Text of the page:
Few understand how important privacy is to crypto assets, and even fewer realize how much the stakes have risen.

Self-storage, control and identification – how regulators made a mistake

Why privacy equals security

As crypto has proliferated, the regulation of exchanges has become much stricter, especially regarding the storage of identities, including multiple addresses.

Unfortunately, this creates a single point of failure, resulting in a significant increase in reports of breaches and data breaches. These negative consequences boil down to the fact that the regulation is aimed at finding opponents in a given list of users, and the list of users should not exist in the list of clients of an external adversary.

Companies that can’t afford to do business are too busy enforcing rules that verify user identities and not paying the cost of actually storing user identities securely.

A related problem boils down to the vulnerability of the design of exchanges to internal leaks. In the context of cryptography, even one attacker out of “N” innocent people can effectively affect security and therefore privacy.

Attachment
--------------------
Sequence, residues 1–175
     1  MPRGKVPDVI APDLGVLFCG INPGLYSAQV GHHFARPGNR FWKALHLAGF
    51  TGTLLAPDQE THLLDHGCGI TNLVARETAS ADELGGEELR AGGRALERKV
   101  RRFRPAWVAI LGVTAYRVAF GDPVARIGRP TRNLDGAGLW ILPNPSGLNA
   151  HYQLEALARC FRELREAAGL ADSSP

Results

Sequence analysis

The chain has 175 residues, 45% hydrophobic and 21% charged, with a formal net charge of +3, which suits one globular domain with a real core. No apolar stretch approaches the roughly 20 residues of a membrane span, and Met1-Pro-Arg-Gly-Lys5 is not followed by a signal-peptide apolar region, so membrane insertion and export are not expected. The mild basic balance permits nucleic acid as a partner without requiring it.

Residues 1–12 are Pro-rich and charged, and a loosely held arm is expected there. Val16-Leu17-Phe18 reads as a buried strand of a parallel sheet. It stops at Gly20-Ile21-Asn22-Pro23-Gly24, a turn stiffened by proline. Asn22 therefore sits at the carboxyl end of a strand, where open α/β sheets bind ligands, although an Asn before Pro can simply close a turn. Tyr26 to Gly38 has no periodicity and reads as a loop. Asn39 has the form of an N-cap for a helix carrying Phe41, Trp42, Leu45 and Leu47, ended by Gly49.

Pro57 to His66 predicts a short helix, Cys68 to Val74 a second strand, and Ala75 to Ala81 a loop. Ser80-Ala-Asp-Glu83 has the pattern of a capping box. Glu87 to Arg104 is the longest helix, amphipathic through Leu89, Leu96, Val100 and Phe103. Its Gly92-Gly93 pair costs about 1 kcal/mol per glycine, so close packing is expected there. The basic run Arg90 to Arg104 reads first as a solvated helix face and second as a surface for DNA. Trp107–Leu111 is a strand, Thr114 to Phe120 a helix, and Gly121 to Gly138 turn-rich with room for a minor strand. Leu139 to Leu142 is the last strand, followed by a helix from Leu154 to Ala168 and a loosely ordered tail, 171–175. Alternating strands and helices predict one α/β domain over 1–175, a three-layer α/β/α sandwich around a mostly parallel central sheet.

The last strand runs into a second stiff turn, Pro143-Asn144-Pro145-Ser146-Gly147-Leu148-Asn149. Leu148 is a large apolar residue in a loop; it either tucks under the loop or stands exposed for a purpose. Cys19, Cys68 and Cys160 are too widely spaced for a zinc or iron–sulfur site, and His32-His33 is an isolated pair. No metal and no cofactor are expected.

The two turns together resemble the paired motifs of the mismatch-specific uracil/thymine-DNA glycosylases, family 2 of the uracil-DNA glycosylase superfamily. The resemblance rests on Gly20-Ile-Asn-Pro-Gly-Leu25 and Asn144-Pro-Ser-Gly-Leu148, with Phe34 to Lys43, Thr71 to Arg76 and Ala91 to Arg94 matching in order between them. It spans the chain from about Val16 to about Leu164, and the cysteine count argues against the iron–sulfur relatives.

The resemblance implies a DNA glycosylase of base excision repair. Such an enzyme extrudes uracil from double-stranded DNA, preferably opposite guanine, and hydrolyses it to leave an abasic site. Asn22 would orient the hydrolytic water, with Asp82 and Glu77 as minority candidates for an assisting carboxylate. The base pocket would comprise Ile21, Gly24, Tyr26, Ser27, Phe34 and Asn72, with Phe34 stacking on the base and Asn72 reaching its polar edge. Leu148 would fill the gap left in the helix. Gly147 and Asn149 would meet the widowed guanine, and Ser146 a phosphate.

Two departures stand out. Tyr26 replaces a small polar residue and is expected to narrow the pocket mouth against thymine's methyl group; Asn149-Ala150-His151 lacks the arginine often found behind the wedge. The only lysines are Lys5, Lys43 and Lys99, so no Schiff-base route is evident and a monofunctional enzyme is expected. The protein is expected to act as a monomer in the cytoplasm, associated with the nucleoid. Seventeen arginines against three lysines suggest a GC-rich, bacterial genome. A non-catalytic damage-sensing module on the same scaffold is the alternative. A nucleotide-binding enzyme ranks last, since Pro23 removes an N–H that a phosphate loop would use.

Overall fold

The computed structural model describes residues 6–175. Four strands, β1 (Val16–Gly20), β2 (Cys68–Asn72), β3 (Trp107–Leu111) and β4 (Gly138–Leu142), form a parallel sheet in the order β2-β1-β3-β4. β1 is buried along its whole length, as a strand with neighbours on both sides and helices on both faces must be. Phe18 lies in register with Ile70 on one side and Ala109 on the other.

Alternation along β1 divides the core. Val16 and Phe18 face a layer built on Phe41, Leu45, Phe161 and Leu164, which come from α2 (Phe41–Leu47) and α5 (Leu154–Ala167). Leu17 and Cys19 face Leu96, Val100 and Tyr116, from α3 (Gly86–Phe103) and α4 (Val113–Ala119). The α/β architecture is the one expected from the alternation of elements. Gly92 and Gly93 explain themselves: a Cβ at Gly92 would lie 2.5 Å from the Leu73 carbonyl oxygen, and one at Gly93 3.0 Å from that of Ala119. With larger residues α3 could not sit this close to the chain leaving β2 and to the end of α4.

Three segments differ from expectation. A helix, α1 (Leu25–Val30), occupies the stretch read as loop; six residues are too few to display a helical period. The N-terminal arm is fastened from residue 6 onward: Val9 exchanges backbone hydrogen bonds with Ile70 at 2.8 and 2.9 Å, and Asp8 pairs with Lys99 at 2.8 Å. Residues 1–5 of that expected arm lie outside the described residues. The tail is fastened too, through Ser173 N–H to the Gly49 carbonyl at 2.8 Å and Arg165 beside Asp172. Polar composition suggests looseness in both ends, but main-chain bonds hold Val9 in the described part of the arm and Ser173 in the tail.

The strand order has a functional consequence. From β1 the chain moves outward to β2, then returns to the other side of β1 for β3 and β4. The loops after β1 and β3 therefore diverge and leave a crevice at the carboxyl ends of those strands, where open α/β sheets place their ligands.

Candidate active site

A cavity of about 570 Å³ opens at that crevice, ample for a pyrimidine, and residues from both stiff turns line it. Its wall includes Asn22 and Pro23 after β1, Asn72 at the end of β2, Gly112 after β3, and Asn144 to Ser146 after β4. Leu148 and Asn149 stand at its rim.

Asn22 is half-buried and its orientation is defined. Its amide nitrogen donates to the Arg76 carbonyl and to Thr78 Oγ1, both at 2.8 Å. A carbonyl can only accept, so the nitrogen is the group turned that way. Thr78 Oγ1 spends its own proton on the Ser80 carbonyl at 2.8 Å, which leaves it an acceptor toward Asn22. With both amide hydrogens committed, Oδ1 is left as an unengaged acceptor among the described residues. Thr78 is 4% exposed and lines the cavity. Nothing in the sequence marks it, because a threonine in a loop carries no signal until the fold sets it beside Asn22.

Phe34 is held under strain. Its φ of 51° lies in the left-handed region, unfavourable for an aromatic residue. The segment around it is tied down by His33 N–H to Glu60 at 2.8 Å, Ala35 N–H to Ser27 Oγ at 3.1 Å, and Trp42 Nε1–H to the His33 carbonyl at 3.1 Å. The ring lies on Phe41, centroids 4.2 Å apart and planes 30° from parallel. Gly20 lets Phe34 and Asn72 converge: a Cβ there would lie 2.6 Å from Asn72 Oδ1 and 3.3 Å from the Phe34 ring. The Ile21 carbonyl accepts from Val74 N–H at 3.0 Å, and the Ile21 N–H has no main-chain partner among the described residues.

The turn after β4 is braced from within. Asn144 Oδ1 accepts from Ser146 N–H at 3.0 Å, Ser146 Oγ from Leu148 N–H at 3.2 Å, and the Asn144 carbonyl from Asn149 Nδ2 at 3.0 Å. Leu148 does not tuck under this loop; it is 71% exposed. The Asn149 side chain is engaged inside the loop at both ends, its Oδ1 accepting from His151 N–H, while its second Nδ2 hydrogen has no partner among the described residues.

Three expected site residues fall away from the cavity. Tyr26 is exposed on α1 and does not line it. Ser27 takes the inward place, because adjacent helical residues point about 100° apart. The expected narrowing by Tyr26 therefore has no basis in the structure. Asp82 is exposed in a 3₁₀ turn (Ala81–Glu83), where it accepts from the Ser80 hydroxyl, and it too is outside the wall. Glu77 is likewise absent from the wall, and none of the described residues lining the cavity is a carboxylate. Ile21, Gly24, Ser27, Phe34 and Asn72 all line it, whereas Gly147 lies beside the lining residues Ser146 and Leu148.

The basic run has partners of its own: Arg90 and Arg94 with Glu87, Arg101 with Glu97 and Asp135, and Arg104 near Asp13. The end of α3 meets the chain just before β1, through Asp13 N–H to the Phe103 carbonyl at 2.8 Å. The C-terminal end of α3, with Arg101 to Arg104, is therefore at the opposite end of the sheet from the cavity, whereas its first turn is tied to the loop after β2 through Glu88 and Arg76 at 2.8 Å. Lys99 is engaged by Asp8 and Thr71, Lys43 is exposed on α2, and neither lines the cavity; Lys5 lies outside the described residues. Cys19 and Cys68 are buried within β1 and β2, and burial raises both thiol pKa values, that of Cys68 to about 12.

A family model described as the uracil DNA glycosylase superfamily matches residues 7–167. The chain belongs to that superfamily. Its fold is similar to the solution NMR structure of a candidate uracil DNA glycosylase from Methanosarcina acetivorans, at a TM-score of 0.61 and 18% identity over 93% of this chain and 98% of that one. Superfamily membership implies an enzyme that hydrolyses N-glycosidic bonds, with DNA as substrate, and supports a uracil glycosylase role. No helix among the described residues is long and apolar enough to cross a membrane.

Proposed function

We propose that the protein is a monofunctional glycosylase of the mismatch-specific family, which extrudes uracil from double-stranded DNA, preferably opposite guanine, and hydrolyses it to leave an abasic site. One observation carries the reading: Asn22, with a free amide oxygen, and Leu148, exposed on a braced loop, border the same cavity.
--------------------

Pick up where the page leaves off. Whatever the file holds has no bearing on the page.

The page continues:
As a second important consideration, blockchain analytics and other tracking technologies have proven to be powerful game-changers in catching previous perpetrators of old hacks. Unfortunately, despite their good intentions, these same tracking tools can help facilitate targeted attacks if they fall into the wrong hands.

In this example, privacy, a key differentiator of decentralized assets, is quickly removed, highlighting the purpose of the underlying infrastructure.

Need – a large-scale educational project to combat hacking and fraud

Rationale for cryptographic privacy

Privacy concerns are not new, so several technologies have gained attention as they prevent privacy from impacting payment stability through scaling, namely the Lightning Network.

In practice, the Lightning Network assumes that users are online and can communicate with protocol participants based on the online assumption. This process effectively ensures scaling and privacy compatibility.

Together, online guessing combined with zero-knowledge proof allows for successful online communication, a capability that can be extended to an Ethereum-like smart contract. It is believed that if privacy can be effectively tied to a smart contract, cryptocurrency users will soon realize the importance of privacy.

This article does not contain investment advice or recommendations. Every investment and trading step involves risk, and readers should do their own research when making a decision.

The views, thoughts and opinions expressed here are those of the author only and do not necessarily reflect or represent the views and opinions of Cryptooshala.

Leona Hioki is the CEO of Ryodan Systems AG. In 2013, he worked with security technologies and cryptography in the Japanese government’s white hacker training program for youth. Hioki has been researching Ethereum scalability for five years and is currently developing the zkRollup solution.